Terms like Downsizing and Turbo Charged Petrol Engines are something that has become the new norm nowadays. Almost every new car launches with at least one turbo petrol engine variant. Although this did not happen overnight, this technology is only now beginning to trickle into the mass-produced hatchback segment in India. The new i20 is a recent addition to the small turbo petrol engines family. The Hyundai Grand i10 Nios is the smallest hot-hatch with 1 Litre turbo petrol engine making 100 PS and 175 Nm of Torque. What makes this technology so unique and appealing? Let’s find out.
What is the need for downsizing and turbo-charging?
With emission regulations becoming ever more stringent and prices of diesel and petrol almost similar, the shift towards petrol and hybrid engines is imminent. It is well known, that diesel exhaust is a major contributor to air pollution around the globe. The diesel exhaust gas treatment technology is very expensive. In such scenarios, the smaller displacement Turbo-charged petrol engines have come as a boon, with a lot of car manufacturers doing away with their diesel engines completely. For example, the largest car manufacturer in India, Maruti Suzuki has currently no diesel engine in its lineup. Ford has joined hands with Mahindra to get its diesel engines.
Image Source: Turbo-Charger
How do downsizing and turbo-charging work?
Downsizing (using less cubic capacity, e.g. 1-litre engine instead of 1.2 or a 1.5 litre and less number of cylinders) with Turbo-Charging has numerous advantages over a naturally aspirated petrol engine. Downsizing essentially refers to reducing the number of cylinders in engines and powering it with a turbocharger. As a result of this, there is no compromise in power. When less number of cylinders used, the power losses due to moving parts and pumping losses also reduce. This further improves the efficiency of an engine. Also, during highway cruising, an engine does not require all cylinders firing. Since the number of cylinders in a downsized engine is already less, the performance and efficiency of the cylinders are optimum.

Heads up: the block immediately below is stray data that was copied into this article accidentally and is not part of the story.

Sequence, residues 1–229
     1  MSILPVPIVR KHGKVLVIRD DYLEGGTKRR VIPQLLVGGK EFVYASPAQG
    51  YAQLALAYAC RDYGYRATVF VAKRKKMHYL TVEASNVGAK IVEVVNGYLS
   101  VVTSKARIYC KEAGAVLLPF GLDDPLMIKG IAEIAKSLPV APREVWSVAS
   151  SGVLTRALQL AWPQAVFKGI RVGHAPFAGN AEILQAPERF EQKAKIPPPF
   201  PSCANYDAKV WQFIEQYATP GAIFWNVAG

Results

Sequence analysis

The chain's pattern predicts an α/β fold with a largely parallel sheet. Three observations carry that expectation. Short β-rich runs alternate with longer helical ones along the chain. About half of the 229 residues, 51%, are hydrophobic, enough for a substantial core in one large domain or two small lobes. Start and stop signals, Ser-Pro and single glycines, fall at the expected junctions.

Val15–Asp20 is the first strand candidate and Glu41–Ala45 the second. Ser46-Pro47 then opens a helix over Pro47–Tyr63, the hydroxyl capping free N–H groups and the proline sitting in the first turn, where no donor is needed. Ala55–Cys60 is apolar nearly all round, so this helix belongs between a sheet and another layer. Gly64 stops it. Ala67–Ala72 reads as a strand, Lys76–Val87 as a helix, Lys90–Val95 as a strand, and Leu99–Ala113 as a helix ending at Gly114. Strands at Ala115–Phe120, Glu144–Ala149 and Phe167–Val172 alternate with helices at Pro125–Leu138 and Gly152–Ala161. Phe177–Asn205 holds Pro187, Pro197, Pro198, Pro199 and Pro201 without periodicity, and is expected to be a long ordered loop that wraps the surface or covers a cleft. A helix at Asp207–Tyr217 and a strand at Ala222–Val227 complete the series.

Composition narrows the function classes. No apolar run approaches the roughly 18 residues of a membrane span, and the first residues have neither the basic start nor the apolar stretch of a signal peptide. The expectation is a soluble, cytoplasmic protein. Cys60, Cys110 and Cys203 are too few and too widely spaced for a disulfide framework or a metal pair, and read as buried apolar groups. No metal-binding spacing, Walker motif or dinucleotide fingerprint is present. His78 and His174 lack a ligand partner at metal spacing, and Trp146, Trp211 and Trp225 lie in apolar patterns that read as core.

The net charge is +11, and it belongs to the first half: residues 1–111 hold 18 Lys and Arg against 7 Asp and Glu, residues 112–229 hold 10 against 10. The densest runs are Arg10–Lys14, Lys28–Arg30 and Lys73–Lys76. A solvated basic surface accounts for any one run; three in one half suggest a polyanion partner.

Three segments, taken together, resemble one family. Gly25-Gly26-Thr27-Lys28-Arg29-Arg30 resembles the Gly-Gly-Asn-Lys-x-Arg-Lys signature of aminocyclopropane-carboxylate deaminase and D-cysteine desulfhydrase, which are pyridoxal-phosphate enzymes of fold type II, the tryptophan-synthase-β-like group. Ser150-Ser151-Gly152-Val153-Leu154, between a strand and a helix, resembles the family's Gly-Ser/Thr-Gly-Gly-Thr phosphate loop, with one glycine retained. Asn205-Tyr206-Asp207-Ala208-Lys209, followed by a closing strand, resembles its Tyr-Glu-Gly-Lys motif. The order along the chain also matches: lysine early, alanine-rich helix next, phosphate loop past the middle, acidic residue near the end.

A Turbo-Charger is fitted at the exhaust side of the engine, to suck in a major part of exhaust gases. This spools up the turbine, which in turn makes the compressor rotate. Resultantly, more compressed air makes its way into the cylinder for combustion. More fuel can be sprayed into the engine producing more power. This produces a turbo boost, which enhances the dynamic aspects of driving by creating a more fun to drive experience. The term Turbo-lag refers to the gap in the response of boost because of insufficient exhaust pressure for the turbo to spool up.
In higher segment cars, this Turbo-lag is sufficiently contained with a help of a twin-turbo setup. As the name implies, there are two turbo-chargers: Small and large. The purpose being, smaller turbo-charger is able to spool up at low RPMs with lesser exhaust gases, almost eliminating the turbo-lag completely. The larger turbo-charger spools up at higher RPMs when more exhaust gas pressure is available. This covers up the entire RPM range and the performance of a car is greatly enhanced.
The Future Of Small Turbo Charged Petrol Engines
It is pretty clear at this point in time, that the downsized turbo petrol engines are here to stay and take the industry forward. They have made way to almost every segment in India making them fairly affordable as well. There are essentially no reasons not to ride this wave and contribute your bit towards cleaner air quality. With even the big SUVs now being powered by Turbo Petrol Engines, the market has perhaps spoken. Petrol engines, hybrid petrol engines and EVs seem to be the way forward.